Religion is the set of beliefs and practices that people believe to be their source of comfort, guidance and identity. It may also provide moral values, rituals and community. Religion can also be a vehicle for social cohesion and can influence political decisions in some countries.
The word “religion” is widely used today to refer to a range of diverse practices. The fact that so many different things can be said to belong to the same taxon is a reflection of how flexible and abstract the concept really is. However, two philosophical issues arise from the fact that people use this term to sort and organize so many different kinds of human activity: whether it is possible to understand this taxon in terms of necessary and sufficient properties; and whether it would be more accurate to treat it as a family-resemblance concept rather than a pure category.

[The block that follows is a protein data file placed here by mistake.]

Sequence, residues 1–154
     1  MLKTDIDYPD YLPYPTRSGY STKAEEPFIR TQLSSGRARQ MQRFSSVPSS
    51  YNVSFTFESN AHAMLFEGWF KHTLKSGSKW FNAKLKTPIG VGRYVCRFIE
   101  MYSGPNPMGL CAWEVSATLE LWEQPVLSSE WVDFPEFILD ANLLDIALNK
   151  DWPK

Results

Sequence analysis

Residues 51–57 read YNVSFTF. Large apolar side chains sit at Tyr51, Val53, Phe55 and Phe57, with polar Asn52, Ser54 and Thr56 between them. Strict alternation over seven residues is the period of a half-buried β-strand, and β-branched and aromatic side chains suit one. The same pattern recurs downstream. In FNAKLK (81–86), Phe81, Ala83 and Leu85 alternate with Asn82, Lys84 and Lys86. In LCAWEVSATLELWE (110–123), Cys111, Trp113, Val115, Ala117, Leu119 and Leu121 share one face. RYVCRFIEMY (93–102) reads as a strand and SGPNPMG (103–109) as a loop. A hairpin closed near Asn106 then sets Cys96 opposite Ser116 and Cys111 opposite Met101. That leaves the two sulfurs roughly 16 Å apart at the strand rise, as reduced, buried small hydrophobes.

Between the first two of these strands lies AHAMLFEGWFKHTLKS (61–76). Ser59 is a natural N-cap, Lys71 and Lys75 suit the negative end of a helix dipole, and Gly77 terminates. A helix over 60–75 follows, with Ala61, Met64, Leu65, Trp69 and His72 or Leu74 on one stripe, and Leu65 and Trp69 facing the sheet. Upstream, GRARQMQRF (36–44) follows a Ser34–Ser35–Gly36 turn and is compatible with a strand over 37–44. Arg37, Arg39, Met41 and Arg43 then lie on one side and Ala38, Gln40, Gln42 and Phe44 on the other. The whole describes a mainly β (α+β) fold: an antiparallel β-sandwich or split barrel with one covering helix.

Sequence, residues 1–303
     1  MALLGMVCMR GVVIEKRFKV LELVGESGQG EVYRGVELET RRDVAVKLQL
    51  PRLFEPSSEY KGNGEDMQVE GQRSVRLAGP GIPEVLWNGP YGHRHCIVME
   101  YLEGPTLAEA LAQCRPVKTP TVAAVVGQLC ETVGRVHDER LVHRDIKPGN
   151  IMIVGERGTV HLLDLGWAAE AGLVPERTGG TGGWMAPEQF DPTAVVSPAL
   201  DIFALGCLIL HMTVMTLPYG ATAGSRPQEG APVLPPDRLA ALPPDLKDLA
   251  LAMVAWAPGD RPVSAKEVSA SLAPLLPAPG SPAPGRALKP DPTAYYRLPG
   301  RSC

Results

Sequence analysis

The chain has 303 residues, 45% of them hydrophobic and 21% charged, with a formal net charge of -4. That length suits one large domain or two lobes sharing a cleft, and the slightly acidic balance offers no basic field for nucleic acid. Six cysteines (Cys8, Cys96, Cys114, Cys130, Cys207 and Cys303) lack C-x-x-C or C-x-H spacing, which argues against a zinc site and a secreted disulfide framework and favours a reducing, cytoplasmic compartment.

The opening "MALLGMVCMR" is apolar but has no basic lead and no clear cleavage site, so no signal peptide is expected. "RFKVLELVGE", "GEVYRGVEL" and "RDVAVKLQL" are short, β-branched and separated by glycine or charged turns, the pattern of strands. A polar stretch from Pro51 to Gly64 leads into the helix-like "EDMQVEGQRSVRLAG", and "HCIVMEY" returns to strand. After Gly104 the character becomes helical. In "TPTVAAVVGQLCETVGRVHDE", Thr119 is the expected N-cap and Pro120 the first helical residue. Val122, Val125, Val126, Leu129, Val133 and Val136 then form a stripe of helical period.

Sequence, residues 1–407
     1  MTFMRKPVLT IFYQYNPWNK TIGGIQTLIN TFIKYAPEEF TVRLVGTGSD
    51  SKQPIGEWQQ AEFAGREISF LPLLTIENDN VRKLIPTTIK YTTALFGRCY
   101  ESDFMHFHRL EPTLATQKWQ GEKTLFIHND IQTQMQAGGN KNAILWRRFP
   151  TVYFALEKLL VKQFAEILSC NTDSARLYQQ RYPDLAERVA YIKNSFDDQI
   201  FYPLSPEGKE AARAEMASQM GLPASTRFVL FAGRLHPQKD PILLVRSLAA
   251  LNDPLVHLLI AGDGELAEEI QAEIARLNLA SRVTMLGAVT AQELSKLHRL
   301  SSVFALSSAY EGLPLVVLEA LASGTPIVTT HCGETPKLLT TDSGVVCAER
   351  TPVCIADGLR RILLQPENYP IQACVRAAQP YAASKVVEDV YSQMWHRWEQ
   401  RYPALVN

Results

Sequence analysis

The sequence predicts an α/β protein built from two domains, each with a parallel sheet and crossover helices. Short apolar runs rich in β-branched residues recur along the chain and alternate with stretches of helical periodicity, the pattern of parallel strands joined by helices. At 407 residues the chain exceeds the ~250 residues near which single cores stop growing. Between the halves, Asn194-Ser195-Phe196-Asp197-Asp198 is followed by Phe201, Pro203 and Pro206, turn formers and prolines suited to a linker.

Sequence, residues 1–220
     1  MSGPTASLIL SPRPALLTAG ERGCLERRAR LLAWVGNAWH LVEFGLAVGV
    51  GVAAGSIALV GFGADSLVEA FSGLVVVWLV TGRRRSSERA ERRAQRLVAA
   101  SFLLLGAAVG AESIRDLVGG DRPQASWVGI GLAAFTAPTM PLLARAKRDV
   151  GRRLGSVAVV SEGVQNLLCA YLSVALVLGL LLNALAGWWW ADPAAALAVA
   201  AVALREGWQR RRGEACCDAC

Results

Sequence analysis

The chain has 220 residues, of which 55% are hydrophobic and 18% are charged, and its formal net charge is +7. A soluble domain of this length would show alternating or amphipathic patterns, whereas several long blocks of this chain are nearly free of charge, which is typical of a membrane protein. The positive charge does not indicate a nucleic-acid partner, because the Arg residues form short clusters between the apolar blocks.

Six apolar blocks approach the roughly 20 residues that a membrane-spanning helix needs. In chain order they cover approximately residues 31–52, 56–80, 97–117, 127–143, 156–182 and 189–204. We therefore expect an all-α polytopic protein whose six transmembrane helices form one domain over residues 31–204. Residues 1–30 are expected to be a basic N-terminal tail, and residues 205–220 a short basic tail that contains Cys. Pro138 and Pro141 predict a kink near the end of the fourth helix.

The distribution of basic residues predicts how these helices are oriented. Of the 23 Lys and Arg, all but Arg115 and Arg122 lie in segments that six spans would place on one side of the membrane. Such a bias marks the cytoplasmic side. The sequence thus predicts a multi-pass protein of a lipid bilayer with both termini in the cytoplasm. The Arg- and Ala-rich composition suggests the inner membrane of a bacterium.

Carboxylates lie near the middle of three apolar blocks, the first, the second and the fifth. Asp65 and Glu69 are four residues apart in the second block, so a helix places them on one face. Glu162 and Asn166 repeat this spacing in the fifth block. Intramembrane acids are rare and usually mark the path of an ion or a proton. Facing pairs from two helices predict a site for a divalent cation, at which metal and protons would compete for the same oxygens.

Both these issues are complicated by the fact that many of the different activities that can be described as religion are highly diverse. Some scholars have tried to resolve this problem by adopting monothetic definitions of the concept. Edward Tylor, for example, defined religion as belief in spiritual beings; Paul Tillich’s functional criterion of ultimate concern is another such monothetic approach.
Other scholars have rejected the notion of a monothetic definition, asserting that no such thing exists. They have argued that a social concept must be able to recognize and include a variety of different varieties in order to serve its purpose. This view has led to the development of polythetic definitions, which abandon the classical assumption that a concept can be accurately understood by identifying just one property that defines it as such.